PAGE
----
Variation of energy and carbon fluxes from a restored temperate freshwater wetland and implications for carbon market verification protocols

Frank E. Anderson, Brian Bergamaschi, Cove Sturtevant, Sara Knox, Lauren Hastings, Lisamarie Windham-Myers, Matteo Detto, Erin L. Hestir, Judith Drexler, Robin L. Miller, Jaclyn Hatala Matthes, Joseph Verfaillie, Dennis Baldocchi, Richard L. Snyder, Roger Fujii

Research output: Contribution to journalArticlepeer-review

47 Scopus citations


Temperate freshwater wetlands are among the most productive terrestrial ecosystems, stimulating interest in using restored wetlands as biological carbon sequestration projects for greenhouse gas reduction programs. In this study, we used the eddy covariance technique to measure surface energy carbon fluxes from a constructed, impounded freshwater wetland during two annual periods that were 8 years apart: 2002-2003 and 2010-2011. During 2010-2011, we measured methane (CH4) fluxes to quantify the annual atmospheric carbon mass balance and its concomitant influence on global warming potential (GWP). Peak growing season fluxes of latent heat and carbon dioxide (CO2) were greater in 2002-2003 compared to 2010-2011. In 2002, the daily net ecosystem exchange reached as low as -10.6 g C m-2 d-1, which was greater than 3 times the magnitude observed in 2010 (-2.9 g C m-2 d-1). CH4 fluxes during 2010-2011 were positive throughout the year and followed a strong seasonal pattern, ranging from 38.1 mg C m-2 d-1 in the winter to 375.9 mg C m-2 d-1 during the summer. The results of this study suggest that the wetland had reduced gross ecosystem productivity in 2010-2011, likely due to the increase in dead plant biomass (standing litter) that inhibited the generation of new vegetation growth. In 2010-2011, there was a net positive GWP (675.3 g C m-2 yr-1), and when these values are evaluated as a sustained flux, the wetland will not reach radiative balance even after 500 years.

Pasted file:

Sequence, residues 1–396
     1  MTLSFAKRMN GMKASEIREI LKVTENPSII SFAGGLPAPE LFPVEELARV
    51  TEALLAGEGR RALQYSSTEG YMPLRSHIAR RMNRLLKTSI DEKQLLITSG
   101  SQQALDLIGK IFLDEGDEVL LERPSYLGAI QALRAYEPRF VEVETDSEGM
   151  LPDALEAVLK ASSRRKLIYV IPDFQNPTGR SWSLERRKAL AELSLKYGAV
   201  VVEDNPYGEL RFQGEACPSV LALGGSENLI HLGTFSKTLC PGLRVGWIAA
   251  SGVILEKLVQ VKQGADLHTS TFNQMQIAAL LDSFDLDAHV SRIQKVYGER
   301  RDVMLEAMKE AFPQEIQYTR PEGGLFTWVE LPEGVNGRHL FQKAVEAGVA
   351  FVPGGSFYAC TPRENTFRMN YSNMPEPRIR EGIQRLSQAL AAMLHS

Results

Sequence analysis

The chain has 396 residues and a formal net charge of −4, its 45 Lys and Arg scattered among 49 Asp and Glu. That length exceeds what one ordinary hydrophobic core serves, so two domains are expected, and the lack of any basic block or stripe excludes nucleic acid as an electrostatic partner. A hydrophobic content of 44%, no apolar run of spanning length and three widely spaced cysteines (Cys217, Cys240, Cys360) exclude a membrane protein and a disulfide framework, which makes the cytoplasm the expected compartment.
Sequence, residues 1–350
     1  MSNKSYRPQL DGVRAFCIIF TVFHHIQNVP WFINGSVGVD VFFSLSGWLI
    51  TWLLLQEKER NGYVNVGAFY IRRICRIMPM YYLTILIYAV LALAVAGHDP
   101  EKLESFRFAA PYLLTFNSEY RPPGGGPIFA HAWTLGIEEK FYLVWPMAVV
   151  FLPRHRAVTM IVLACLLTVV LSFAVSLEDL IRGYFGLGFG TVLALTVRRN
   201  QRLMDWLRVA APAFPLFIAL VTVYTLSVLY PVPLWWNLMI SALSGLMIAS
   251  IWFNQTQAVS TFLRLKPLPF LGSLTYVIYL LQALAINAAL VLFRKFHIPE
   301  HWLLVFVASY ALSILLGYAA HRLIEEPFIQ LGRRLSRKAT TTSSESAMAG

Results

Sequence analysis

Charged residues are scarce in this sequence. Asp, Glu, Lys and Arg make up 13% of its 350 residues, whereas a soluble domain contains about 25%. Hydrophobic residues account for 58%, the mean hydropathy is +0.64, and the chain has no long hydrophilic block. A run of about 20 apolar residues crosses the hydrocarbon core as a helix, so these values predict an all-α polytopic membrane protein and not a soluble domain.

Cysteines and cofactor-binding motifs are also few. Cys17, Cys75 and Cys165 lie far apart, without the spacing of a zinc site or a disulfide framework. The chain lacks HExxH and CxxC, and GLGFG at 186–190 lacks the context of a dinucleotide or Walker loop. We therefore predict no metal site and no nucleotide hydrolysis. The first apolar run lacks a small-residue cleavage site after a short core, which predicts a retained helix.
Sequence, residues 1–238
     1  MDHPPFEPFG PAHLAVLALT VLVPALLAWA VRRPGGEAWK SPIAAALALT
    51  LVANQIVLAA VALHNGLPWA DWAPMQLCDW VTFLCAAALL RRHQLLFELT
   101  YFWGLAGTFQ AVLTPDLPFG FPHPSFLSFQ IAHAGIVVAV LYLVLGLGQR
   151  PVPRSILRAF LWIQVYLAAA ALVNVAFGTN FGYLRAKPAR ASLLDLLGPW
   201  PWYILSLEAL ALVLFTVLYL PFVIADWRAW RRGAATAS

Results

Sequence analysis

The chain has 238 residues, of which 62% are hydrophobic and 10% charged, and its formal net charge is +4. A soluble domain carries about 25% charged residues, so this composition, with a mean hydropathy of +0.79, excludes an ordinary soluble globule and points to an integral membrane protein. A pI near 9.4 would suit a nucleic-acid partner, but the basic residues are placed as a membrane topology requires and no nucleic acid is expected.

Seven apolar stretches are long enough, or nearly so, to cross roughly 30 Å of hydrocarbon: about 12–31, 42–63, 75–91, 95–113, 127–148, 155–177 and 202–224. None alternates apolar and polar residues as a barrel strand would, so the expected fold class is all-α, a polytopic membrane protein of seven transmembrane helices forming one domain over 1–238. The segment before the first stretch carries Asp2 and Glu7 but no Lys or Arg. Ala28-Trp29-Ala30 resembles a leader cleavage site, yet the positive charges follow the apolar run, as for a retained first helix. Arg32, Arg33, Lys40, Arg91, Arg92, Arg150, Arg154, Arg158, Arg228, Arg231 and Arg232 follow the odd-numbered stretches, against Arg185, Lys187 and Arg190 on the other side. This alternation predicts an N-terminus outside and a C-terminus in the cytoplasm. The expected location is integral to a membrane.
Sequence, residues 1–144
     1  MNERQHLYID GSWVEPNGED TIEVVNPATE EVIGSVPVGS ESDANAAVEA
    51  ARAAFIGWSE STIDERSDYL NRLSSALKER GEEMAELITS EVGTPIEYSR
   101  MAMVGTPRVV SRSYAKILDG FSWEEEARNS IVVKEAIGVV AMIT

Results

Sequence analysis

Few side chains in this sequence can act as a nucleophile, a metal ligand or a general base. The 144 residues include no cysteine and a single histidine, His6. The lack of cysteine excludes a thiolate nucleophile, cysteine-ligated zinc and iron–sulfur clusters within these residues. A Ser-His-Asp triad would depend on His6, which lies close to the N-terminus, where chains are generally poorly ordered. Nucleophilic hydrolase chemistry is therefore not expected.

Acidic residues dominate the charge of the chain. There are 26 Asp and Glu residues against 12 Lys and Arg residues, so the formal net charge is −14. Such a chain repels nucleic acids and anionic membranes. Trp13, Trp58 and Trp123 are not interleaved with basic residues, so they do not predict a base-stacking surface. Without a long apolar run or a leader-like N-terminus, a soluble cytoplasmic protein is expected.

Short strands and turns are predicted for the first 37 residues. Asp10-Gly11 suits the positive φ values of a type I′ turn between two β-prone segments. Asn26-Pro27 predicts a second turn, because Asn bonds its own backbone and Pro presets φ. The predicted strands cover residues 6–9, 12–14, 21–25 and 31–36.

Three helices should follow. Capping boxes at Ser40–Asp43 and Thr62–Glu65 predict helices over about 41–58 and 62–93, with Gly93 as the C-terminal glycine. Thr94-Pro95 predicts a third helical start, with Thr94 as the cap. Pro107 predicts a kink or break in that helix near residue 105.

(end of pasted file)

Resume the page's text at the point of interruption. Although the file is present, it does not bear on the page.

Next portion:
Original languageEnglish (US)
Pages (from-to)777-795
Number of pages19
JournalJournal of Geophysical Research: Biogeosciences
Issue number3
StatePublished - Mar 1 2016
Externally publishedYes

All Science Journal Classification (ASJC) codes

  • Soil Science
  • Forestry
  • Water Science and Technology
  • Palaeontology
  • Atmospheric Science
  • Aquatic Science
  • Ecology


  • carbon dioxide
  • carbon market
  • eddy covariance
  • global warming potential
  • methane
  • wetlands


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